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App Rewards Club reports on what going free can do for developers

Mike Schramm
November 14, 2012
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App Rewards Club is an app and service put together by a few iOS developers to help their fellow app devs with user discovery on the App Store. Like the Free App a Day service, App Rewards Club highlights free apps every day, which benefits users because they can grab apps for free, and then benefits developers because they can grab users to monetize off of. App Rewards Club also offers a monetization service, teaming developers up with other promotions that let users earn rewards in apps. The club has been keeping a tally of how it all works when various apps go free, and they've posted a very interesting report over on the official blog, talking about that very subject.

What's perhaps most interesting is just how organic the App Store is: The apps that ARC saw do best with a free period spent exactly zero marketing dollars on their sale, and were instead just propelled by being featured on the App Store or mentioned in the press. As ARC says, "some apps have a natural propensity to get attention and move downloads without getting a big marketer involved." That's a fascinating result, and it's likely one that Apple will be thrilled to hear, given that the App Store was designed to be a relatively open marketplace, where individual developers can compete up alongside much larger companies like EA and Activision. This study finds that a marketing budget doesn't matter so much as just how "sticky" the actual app is.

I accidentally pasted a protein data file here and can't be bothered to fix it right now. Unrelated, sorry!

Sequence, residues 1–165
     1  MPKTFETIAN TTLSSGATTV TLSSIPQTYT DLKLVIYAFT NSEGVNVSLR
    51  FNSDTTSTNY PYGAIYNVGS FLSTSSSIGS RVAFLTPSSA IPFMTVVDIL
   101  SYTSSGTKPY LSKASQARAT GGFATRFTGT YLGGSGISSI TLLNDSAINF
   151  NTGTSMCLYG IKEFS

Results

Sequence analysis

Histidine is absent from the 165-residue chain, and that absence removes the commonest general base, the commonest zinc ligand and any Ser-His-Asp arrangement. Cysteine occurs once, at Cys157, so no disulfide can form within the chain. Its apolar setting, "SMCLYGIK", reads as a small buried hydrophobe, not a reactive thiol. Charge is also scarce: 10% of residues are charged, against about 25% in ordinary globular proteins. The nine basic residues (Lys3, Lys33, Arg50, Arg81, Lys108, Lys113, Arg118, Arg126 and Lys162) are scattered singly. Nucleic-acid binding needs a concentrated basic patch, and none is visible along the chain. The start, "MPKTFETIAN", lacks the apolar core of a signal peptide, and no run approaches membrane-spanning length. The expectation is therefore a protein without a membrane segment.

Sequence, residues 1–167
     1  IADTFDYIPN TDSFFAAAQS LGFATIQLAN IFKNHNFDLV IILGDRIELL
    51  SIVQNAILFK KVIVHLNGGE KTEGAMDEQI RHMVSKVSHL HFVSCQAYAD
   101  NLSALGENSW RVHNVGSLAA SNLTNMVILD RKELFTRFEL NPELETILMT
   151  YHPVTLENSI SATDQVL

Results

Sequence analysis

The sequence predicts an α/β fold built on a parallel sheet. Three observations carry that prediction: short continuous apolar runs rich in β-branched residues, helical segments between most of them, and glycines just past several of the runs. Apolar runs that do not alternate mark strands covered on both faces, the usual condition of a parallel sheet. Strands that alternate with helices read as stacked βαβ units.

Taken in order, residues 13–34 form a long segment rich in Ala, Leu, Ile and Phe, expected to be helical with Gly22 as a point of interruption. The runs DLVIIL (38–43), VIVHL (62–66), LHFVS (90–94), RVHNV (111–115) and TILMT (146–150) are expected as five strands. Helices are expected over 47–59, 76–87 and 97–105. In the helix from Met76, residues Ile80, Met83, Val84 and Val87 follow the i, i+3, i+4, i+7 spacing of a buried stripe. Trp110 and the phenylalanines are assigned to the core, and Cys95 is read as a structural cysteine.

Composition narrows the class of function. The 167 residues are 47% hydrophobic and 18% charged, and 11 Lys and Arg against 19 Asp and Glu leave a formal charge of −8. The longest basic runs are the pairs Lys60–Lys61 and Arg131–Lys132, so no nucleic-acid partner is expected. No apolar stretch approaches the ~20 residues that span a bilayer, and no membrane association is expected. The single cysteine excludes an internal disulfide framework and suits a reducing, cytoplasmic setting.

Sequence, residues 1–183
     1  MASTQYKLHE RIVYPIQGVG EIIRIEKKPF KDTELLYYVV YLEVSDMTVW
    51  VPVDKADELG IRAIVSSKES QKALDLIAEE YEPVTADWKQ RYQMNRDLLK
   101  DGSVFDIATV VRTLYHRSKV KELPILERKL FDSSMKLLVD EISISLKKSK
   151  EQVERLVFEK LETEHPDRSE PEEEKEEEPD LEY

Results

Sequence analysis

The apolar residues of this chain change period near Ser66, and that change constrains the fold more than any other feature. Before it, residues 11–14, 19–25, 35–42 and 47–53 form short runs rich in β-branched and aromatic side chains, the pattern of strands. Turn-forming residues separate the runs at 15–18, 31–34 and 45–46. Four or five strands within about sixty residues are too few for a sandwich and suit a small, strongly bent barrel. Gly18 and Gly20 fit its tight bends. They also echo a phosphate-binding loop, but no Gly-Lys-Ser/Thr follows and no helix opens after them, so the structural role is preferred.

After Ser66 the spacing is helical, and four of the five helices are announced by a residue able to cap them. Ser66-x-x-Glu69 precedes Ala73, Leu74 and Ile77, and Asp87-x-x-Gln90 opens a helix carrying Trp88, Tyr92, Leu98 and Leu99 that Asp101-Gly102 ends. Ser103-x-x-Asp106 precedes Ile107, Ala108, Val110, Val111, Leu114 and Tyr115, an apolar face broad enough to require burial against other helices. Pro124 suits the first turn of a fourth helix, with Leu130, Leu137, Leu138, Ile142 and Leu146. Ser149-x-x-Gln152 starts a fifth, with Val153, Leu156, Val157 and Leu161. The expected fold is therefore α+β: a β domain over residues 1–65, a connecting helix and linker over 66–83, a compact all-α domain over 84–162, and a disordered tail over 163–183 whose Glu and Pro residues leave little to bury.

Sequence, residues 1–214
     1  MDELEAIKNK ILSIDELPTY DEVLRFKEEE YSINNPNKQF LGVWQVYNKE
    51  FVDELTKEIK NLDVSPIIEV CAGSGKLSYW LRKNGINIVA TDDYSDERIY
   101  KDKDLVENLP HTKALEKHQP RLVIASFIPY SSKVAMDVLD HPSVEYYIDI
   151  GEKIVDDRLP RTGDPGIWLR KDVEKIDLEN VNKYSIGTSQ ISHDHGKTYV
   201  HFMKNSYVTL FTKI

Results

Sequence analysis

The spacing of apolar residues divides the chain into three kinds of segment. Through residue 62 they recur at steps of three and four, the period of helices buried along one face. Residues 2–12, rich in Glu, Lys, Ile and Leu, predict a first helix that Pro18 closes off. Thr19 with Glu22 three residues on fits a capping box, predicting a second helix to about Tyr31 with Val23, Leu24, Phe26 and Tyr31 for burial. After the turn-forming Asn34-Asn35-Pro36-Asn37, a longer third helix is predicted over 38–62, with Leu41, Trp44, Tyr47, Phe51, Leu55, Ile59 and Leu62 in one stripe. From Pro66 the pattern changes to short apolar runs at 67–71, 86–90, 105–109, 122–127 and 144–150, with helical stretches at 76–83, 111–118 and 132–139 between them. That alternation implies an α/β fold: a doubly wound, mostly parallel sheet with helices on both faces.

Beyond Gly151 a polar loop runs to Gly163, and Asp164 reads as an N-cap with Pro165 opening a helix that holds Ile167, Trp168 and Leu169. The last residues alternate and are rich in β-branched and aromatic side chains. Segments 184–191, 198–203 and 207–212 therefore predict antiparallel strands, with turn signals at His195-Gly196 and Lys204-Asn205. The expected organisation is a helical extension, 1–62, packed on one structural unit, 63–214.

Elsewhere, the company also found that switching from paid to free, while having an (obvious) negative immediate effect on revenue, will actually raise the average number of purchases after going back to paid. It's not by much, and downloads go very high when flipping over to free, but developers looking for a spike in app interest can definitely consider a temporary free giveaway to do so.

There's a lot of interesting information here, and the company says it still has a lot to learn going forward. But the main takeaway here seems to be that, for now, growth on the App Store is still fairly organic. Some apps can do well when they get attention, regardless of how much money they spent to get it.

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